Overexpression of MUC16 in TNBC patients. A. Expression of MUC16 is highly upregulated in the poorly differentiated patients (N = 36) compared to moderately differentiated samples (N = 25). B. In silico TCGA-BRCA analysis indicating grade-wise expression of MUC16 transcript. C. Kaplan–Meier survival plot ( showing significant reduction in overall survival of breast cancer patients with high MUC16 (Q8WXI7) protein expression (220,196 probe was used to identify the MUC16 gene) D. Volcano plot of TCGA-BRCA dataset indicating high levels of MUC16 mRNA in breast cancer patients that have undergone chemotherapy compared to chemotherapy-naive patients. E. Box plot showing increased MUC16 expression in non-responders (any chemotherapy) compared to responders in breast cancer. F. AUC curve of MUC16 (220196_at) based on the 5-year relapse-free survival of breast cancer after any chemotherapy ( G. Box plots of IHC scores showing upregulation of MUC16 expression in TNBC patients compared to other breast cancer subtypes. H. Similarly, in silico dataset (TCGA-METABRIC) indicated upregulation of MUC16 in TNBC patients (N = 171) compared to HER2 (N = 78), Lum A (N = 499), and Lum B (N = 197)

MUC16 is highly expressed in the TNBC subtype

Since breast cancer is highly heterogeneous at the molecular level, we analyzed the MUC16 expression in the different molecular subtypes of breast cancer. Our previous data have shown no expression of MUC16 in healthy breast tissues [9]. We observed a robust increase in MUC16 expression in the TNBC tumor tissues (N = 65) compared with other subtypes-HER2 positive (N = 23, P = 0.0003), luminal A (N = 21, P = 0.0006), luminal B (N = 13, P = 0.0002), and tumors (Fig. 1G). Similarly, the TCGA-METABRIC cohort also showed a significant increase in the MUC16 expression in the TNBC subtype (N = 171) compared to the other subtypes—HER2 (N = 78, P = 9.55105E−17), Luminal A (N = 499, P = 3.5034E−41), and Luminal B (N = 197, P = 5.77798E−38) (Fig. 1H). Overall, these findings indicate that MUC16 is overexpressed in the TNBC and may be associated with the poor outcomes seen in this subtype.

MUC16 is associated with RNA bio-synthetic and metastasis pathways in TNBC

To investigate the MUC16-associated molecular mechanism(s) and pathways in the pathogenesis of TNBC, we performed a gene expression analysis in the MUC16 knockdown MDA MB 231 (MDA MB 231-shMUC16) and corresponding scramble (MDA MB 231-shRNA) cells. Our transcriptome analysis (microarray) indicated a significant downregulation of ELAVL1 or HuR, MMP1, and MMP3 genes in the MUC16 knockdown cells (Fig. 2A). Next, we performed the pathway analysis (Gene ontology) using the top-downregulated genes following MUC16 knockdown (MDA MB 231-shMUC16). We noticed that RNA biosynthesis, RNA metabolism, apoptosis, and regulation of programmed cell death, cell proliferation, and metastasis pathways were significantly associated with MUC16 (Fig. 2B). Further analysis of the transcriptomic data by qRT-PCR also confirmed significant downregulation of HuR, MMP1, and MMP3 in the MUC16 knockdown cells (Fig. 2C, Additional file 1: Fig. S1A–C). Western blot analysis also indicated that expression of HuR was drastically decreased in MUC16 knockdown TNBC MDA MB 231 and HCC1806 cells (Fig. 2D–E). Furthermore, we observed that MUC16 was significantly co-expressed with HuR in TNBC patient samples (Fig. 2F). Like MUC16, patients with high HuR protein expression (Q15717) had a significantly worse overall survival compared to those with low HuR expression breast cancer patients (P = 0.055) [46] (Fig. 2G). Furthermore, HuR was also significantly overexpressed (TCGA-METABRIC) in the TNBC subtype as compared to other subtypes (Fig. 2H). Though MMP3 and MMP1 are downregulated in MUC16 knockdown cells, the expression of MMP3 and MMP1 was not elevated in TNBC (Additional file 1: Fig. S1D–G). In addition, the expression of MMP3 and MMP1 was significantly high in HER2 enriched tumors as compared to other subtypes (TNBC or basal type) (Additional file 1: Fig. S1F, G). Hence, we selected HuR to understand the MUC16/HuR role in TNBC.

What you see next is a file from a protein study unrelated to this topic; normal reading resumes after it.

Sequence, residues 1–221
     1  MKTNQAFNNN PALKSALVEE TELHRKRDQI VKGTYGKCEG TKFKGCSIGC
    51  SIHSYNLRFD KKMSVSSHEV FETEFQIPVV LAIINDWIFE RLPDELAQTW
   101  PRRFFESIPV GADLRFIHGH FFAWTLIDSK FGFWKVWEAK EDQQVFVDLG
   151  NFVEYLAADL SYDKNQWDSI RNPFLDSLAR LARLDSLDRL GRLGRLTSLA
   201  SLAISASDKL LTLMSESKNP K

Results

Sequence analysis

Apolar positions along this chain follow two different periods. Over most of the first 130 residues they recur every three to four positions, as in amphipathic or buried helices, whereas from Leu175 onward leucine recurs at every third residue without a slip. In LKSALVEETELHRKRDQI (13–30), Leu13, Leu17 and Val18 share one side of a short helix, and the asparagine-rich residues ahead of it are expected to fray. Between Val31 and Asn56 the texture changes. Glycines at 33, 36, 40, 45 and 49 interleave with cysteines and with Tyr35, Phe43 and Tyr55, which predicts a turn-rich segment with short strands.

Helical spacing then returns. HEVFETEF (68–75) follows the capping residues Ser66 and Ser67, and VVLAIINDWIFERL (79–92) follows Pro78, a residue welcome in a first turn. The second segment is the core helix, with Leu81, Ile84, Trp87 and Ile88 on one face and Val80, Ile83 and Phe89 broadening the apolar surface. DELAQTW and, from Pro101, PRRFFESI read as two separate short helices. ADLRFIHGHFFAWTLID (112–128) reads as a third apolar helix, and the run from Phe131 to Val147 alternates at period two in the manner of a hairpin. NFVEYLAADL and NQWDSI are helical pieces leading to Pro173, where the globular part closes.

Fig. 2
figure 2

MUC16 regulates HuR in TNBC cells. A. Volcano plot demonstrating decreased expression of ELAVL1/HuR, MMP1, and MMP3 in MUC16 knockdown TNBC cells. B. Gene ontology analysis of MUC16-associated pathways suggests its role in RNA biosynthesis, apoptotic and cell motility, and migration pathways. C. Bar diagram of qRT-PCR showing decreased HuR expression in MUC16 knockdown cells (MDA MB 231) compared to scramble. Actin was used as an internal control. D, E. Western blot results indicated that HuR was downregulated in MUC16 knockdown (MDA MB 231 and HCC1806). F. METABRIC dataset indicated co-expression of MUC16 and HuR in TNBC. G. Kaplan–Meier survival plot (Q15717) showing HuR is associated with poor survival in breast cancer patients ( H. HuR expression in different breast cancer subtypes (TCGA-METABRIC)

Effect of MUC16 on invasion, migration, and colony formation abilities of human and mouse TNBC cells

To determine the functional role of MUC16 in TNBC metastasis, in vitro, MDA MB 231-shMUC16 and HCC1806-shMUC16 and respective scramble cells were seeded in the Matrigel-coated Boyden chamber transwell inserts for 24 h. MUC16 knockdown cells (MDA MB 231-shMUC16 and HCC1806-shMUC16) showed a significant decrease in invasion (P = 0.03 and P = 0.0004) (Fig. 3A–B), migration (P = 0.001 and P < 0.0001) (Fig. 3C–D), and colony formation (P = 0.0004 and P = 0.0002) abilities (Fig. 3E–F) compared to the scramble controls. There was decreased expression of mesenchymal marker Vimentin in MUC16 knockdown cells (Additional file 2: Fig. S2A and B). Additionally, Muc16 knockdown in mouse basal or TNBC cells 4T1 (4T1-shMuc16) showed decreased Muc16 (Additional file 2: Fig. S2C), and HuR expression compared to scrambled control (Additional file 2: Fig. S2D). Further, Muc16 knockdown cells (4T1-shMuc16) also showed a significant reduction in invasion, motility, and colony formation properties compared to control (Additional file 2: Fig. S2E–G). The mesenchymal marker Zeb1 was decreased in Muc16 knockdown (4T1-shMuc16) cells compared to scramble control cells (Additional file 2: Fig. S2H). Overall, these findings suggest that MUC16 may be involved in TNBC metastasis.